This research was supported by the National Cancer Institute grants, R01 CA158019 to Dr. Miller and the Fox Chase Cancer Center Behavioral Research Core Facility P30-CA06927. Dr. Hudson was supported by the following awards from the National Cancer Institute: K01 CA 131500, R03 CA154063, and R01 CA176838. Dr. Hui was supported by the National Cancer Institute grant R03 CA159903. Dr. Diefenbach was supported by the following awards from the National Cancer Institute: 1R01 CA158019-01, 1R21 CA155963, 1R21 CA164807; and W81XWH-11-1-0604, from the Department of Defense. We would like to acknowledge the contribution of James Williams and the patients who participated in this study or appeared in the patient videos for the Web program development. We thank the clinicians who appeared in the videos, Drs. Natan Bar-Chama, Neil Grafstein, and Christian Nelson. Other research team members, including Margaret Atchison, Javier Muniz, Craig Walt, Megan Grau, Eric Shaw, Sean O’Sullivan, Martin Cohen, Jennifer Burns, and Matt Hall, also made contributions to this study. We also thank Mary Anne Ryan for her technical and administrative assistance. Last but not least, we thank the team members from NotSoldSeparately.com, Kevin Durr, Joe Ifi, Mayr Budny, Dan Alvare, and Anthony Wojtkowiak, for their help in the technical process of the website development and implementation.

Conflict of interest

The authors declare that they have no conflict of interest.

Supplementary material

11764_2015_431_MOESM1_ESM.pdf (1 mb)
ESM 1 (PDF 1050 kb)

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Copyright information

© Springer Science+Business Media New York 2015

Authors and Affiliations

  • Suzanne M. Miller
    • 1
    Email author
  • Shawna V. Hudson
    • 2
  • Siu-kuen Azor Hui
    • 3
  • Michael A. Diefenbach
    • 4
  • Linda Fleisher
    • 5
  • Stephanie Raivitch
    • 1
  • Tanisha Belton
    • 1
  • Gem Roy
    • 1
  • Anuli Njoku
    • 6
  • John Scarpato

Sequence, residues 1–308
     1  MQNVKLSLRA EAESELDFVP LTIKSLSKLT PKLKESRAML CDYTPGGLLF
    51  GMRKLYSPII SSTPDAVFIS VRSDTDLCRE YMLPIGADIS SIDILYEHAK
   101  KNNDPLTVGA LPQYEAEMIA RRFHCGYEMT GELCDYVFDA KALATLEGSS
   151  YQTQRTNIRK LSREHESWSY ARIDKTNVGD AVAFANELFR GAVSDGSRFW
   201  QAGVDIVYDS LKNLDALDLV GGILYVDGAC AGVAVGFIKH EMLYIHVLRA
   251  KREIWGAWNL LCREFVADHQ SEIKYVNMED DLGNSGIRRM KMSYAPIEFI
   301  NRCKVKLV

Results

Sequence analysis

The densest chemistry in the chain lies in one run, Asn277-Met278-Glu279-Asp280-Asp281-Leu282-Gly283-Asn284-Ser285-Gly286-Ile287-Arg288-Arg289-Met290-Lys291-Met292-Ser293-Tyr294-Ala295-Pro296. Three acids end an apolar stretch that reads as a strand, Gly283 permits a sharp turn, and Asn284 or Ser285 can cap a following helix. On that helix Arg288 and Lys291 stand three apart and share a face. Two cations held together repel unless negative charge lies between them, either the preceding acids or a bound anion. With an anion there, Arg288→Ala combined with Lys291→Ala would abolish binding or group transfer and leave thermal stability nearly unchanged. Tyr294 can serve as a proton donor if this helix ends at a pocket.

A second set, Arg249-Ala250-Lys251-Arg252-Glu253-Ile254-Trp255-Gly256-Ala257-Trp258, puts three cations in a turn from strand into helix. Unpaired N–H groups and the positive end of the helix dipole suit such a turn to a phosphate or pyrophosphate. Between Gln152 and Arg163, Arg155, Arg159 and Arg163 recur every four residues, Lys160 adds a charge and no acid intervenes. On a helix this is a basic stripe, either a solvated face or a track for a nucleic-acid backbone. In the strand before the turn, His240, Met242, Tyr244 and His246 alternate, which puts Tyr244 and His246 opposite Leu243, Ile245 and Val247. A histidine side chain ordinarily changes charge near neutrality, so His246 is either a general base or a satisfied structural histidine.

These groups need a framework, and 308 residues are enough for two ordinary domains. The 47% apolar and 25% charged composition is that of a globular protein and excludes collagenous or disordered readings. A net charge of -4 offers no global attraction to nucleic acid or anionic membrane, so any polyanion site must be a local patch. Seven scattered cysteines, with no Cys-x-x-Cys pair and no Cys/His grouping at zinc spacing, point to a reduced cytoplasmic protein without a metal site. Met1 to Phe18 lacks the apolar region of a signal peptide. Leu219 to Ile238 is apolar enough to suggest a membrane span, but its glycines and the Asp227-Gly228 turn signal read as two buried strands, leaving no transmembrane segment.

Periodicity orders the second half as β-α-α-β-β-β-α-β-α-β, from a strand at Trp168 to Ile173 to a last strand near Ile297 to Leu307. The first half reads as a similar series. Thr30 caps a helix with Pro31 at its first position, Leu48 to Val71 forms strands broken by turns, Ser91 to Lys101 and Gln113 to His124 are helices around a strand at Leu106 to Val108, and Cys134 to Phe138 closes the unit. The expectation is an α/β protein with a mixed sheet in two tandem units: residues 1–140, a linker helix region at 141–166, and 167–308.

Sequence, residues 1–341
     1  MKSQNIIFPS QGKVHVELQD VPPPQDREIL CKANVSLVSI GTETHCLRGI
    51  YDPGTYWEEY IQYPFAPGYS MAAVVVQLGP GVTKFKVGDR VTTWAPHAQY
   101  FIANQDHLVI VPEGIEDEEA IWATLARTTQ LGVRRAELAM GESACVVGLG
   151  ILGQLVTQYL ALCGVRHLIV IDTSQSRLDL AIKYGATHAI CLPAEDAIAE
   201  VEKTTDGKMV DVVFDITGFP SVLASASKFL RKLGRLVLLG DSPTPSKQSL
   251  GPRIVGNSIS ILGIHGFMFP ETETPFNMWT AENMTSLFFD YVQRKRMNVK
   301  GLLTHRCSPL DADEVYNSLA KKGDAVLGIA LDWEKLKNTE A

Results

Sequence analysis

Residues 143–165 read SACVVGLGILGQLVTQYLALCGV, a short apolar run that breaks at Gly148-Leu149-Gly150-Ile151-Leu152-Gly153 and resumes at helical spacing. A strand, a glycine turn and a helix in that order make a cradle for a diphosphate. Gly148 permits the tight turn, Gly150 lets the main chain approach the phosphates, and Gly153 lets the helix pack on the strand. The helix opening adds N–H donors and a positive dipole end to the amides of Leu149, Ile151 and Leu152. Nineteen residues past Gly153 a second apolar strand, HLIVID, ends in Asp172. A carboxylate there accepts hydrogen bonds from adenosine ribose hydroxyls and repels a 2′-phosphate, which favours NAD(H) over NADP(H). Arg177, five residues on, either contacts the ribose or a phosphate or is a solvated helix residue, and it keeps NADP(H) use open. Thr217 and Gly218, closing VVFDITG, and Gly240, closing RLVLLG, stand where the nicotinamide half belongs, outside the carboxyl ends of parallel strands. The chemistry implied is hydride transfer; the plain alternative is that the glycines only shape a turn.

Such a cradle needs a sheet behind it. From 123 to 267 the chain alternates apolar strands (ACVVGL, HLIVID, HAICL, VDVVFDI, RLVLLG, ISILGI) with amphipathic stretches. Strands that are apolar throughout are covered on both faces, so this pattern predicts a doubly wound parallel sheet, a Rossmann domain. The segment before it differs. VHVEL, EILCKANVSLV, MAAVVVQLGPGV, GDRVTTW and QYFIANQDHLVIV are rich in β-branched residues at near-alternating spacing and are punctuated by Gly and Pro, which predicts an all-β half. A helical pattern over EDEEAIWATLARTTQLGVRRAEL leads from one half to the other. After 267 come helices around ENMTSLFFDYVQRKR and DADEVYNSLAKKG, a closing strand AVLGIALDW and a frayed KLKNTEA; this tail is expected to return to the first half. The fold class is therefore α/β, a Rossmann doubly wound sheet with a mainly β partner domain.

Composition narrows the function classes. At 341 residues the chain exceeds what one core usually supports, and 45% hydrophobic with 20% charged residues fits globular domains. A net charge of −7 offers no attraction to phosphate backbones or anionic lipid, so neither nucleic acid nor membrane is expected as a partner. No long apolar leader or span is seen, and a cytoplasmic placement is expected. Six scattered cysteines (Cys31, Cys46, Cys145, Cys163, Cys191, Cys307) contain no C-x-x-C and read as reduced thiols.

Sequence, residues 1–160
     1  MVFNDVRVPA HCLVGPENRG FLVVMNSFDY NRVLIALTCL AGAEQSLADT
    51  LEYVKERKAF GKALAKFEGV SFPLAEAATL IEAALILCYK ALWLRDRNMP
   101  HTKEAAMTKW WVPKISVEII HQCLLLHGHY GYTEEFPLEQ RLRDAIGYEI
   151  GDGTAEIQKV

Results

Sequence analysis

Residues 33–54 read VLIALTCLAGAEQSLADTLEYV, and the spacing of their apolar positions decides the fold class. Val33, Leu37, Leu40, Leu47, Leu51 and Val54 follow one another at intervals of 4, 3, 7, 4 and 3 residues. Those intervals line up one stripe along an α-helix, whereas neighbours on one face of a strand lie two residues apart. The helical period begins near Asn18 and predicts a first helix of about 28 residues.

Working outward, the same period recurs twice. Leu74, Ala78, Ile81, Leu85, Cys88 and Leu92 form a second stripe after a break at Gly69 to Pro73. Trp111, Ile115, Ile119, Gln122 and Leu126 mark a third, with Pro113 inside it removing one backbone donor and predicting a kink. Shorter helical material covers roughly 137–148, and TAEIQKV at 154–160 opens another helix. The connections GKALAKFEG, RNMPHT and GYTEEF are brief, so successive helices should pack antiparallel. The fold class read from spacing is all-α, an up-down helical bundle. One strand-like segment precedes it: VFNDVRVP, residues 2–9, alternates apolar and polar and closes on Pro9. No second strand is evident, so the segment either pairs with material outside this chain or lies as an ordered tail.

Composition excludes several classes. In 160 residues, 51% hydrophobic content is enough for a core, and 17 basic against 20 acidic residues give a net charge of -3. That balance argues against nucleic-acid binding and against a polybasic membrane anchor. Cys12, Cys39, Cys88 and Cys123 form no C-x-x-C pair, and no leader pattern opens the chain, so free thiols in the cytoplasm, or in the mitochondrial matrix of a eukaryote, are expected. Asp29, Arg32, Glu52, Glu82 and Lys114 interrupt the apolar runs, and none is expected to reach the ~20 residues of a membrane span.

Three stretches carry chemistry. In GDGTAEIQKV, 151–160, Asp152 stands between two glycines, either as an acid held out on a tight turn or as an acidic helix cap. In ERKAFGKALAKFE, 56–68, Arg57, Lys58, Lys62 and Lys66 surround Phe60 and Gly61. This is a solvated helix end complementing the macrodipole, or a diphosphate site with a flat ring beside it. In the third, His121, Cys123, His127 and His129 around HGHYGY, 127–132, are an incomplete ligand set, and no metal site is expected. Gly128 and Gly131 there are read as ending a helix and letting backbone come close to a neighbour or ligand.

• 1
  • Rosalia Viterbo
    • 7
  • Mark Buyyounouski
    • 8
  • Crystal Denlinger
    • 9
  • Curtis Miyamoto
    • 10
  • Adam Reese
    • 11
  • Jayson Baman
    • 12
  1. 1.Department of Psychosocial and Behavioral MedicineFox Chase Cancer Center/Temple University Health SystemPhiladelphiaUSA
  2. 2.Department of Family Medicine and Community HealthRutgers Robert Wood Johnson Medical School and Rutgers Cancer Institute of New JerseySomersetUSA
  3. 3.Cancer Prevention and Control ProgramFox Chase Cancer Center/Temple University Health SystemPhiladelphiaUSA
  4. 4.Department of Medicine and UrologyNorth Shore-LIJ Health SystemGreak NeckUSA
  5. 5.The Center for Injury Research and PreventionThe Children’s Hospital of PhiladelphiaPhiladelphiaUSA
  6. 6.Department of Public HealthFerris State UniversityBig RapidsUSA
  7. 7.Department of Urologic OncologyFox Chase Cancer Center/Temple University Health SystemPhiladelphiaUSA
  8. 8.Stanford Cancer CenterStanford University Medical CenterStanfordUSA
  9. 9.Department of Medical OncologyFox Chase Cancer Center/Temple University Health SystemPhiladelphiaUSA
  10. 10.Department of Radiation OncologyTemple University School of MedicinePhiladelphiaUSA
  11. 11.Department of UrologyTemple University School of MedicinePhiladelphiaUSA
  12. 12.University of Rochester School of Medicine & DentistryRochesterUSA